Australian researchers have laid to rest a longstanding controversy: is the womb sterile?
Detecting bacteria in space
A new genomic approach provides a glimpse into the diverse bacterial ecosystem on the International Space Station.
Hopping bacteria
Scientists have long known that key models of bacterial movement in real-world conditions are flawed.
Bacteria uses viral weapon against other bacteria
Bacterial cells use both a virus -- traditionally thought to be an enemy -- and a prehistoric viral protein to kill other bacteria that competes with it for food according to an international team of researchers who believe this has potential implications for future infectious disease treatment.
Drug diversity in bacteria
Bacteria produce a cocktail of various bioactive natural products in order to survive in hostile environments with competing (micro)organisms.
Bacteria walk (a bit) like we do
EPFL biophysicists have been able to directly study the way bacteria move on surfaces, revealing a molecular machinery reminiscent of motor reflexes.
Using bacteria to create a water filter that kills bacteria
Engineers have created a bacteria-filtering membrane using graphene oxide and bacterial nanocellulose.
Probiotics are not always 'good bacteria'
Researchers from the Cockrell School of Engineering were able to shed light on a part of the human body - the digestive system -- where many questions remain unanswered.
More Bacteria News and Bacteria Current Events

Top Science Podcasts

We have hand picked the top science podcasts of 2019.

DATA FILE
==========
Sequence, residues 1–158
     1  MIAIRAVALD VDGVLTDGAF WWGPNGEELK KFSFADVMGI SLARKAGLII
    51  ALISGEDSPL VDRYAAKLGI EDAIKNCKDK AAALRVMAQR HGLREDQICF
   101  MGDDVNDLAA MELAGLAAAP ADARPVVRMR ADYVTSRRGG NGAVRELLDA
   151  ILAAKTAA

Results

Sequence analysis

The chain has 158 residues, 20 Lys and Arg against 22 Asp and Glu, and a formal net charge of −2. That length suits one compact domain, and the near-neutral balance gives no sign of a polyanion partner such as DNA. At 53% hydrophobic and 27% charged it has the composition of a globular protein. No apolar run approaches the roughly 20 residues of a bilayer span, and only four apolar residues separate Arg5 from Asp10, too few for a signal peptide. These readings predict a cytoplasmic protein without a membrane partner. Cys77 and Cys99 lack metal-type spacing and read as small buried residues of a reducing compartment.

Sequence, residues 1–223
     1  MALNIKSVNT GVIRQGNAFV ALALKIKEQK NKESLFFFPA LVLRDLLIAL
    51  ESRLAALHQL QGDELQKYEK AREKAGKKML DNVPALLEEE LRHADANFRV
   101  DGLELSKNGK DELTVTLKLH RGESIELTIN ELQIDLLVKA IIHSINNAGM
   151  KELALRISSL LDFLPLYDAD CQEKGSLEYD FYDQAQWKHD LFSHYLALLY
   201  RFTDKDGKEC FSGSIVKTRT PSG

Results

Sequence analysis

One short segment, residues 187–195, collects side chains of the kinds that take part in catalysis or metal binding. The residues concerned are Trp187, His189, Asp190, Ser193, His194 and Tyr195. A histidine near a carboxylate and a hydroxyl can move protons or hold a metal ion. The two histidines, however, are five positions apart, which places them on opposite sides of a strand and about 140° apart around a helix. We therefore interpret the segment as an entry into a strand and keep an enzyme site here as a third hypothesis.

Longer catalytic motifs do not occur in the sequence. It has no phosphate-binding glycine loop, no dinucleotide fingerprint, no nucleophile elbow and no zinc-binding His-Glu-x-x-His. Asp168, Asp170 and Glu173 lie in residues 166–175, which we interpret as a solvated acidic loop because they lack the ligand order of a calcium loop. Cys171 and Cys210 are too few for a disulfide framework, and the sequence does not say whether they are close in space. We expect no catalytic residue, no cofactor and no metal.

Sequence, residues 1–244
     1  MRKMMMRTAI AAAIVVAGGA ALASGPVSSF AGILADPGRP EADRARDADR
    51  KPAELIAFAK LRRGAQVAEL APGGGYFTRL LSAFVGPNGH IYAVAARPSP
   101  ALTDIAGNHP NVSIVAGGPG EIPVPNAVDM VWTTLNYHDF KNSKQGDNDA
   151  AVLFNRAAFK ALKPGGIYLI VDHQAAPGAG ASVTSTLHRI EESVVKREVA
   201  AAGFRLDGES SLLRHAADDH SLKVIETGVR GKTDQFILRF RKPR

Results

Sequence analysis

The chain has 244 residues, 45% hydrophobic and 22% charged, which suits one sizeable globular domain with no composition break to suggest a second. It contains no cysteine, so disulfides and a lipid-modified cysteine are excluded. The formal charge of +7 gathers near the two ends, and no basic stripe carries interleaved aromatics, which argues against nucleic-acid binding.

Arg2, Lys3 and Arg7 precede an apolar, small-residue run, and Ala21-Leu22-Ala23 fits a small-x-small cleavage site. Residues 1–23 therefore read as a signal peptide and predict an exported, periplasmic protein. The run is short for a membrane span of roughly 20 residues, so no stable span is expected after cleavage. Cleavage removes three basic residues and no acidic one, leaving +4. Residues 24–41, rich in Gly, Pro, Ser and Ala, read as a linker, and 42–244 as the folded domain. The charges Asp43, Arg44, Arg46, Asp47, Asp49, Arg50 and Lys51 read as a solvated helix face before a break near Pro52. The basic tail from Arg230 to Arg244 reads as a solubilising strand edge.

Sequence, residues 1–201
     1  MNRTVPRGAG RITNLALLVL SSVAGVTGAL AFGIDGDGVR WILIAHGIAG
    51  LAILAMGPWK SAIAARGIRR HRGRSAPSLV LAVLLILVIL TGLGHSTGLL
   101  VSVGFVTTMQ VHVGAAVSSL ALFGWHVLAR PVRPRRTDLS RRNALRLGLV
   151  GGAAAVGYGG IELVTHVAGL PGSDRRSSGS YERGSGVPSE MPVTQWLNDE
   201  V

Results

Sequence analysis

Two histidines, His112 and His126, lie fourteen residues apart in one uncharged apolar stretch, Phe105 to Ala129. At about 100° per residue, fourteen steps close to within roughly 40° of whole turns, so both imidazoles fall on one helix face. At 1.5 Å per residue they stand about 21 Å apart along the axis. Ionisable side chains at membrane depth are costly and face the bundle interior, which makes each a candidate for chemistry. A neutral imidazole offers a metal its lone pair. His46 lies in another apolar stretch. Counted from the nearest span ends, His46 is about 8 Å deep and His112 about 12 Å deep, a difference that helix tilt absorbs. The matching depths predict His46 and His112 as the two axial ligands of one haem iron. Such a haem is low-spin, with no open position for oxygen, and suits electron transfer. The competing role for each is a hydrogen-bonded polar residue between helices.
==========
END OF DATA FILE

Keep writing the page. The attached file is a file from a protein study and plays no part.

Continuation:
Now Playing: TED Radio Hour

In & Out Of Love
We think of love as a mysterious, unknowable force. Something that happens to us. But what if we could control it? This hour, TED speakers on whether we can decide to fall in — and out of — love. Guests include writer Mandy Len Catron, biological anthropologist Helen Fisher, musician Dessa, One Love CEO Katie Hood, and psychologist Guy Winch.
Now Playing: Science for the People

#542 Climate Doomsday
Have you heard? Climate change. We did it. And it's bad. It's going to be worse. We are already suffering the effects of it in many ways. How should we TALK about the dangers we are facing, though? Should we get people good and scared? Or give them hope? Or both? Host Bethany Brookshire talks with David Wallace-Wells and Sheril Kirschenbaum to find out. This episode is hosted by Bethany Brookshire, science writer from Science News. Related links: Why Climate Disasters Might Not Boost Public Engagement on Climate Change on The New York Times by Andrew Revkin The other kind...
Now Playing: Radiolab

Breaking Bongo
Deep fake videos have the potential to make it impossible to sort fact from fiction. And some have argued that this blackhole of doubt will eventually send truth itself into a death spiral. But a series of recent events in the small African nation of Gabon suggest it's already happening.  Today, we follow a ragtag group of freedom fighters as they troll Gabon's president - Ali Bongo - from afar. Using tweets, videos and the uncertainty they can carry, these insurgents test the limits of using truth to create political change and, confusingly, force us to ask: Can fake news be used for good? This episode was reported and produced by Simon Adler. Support Radiolab today at Radiolab.org/donate.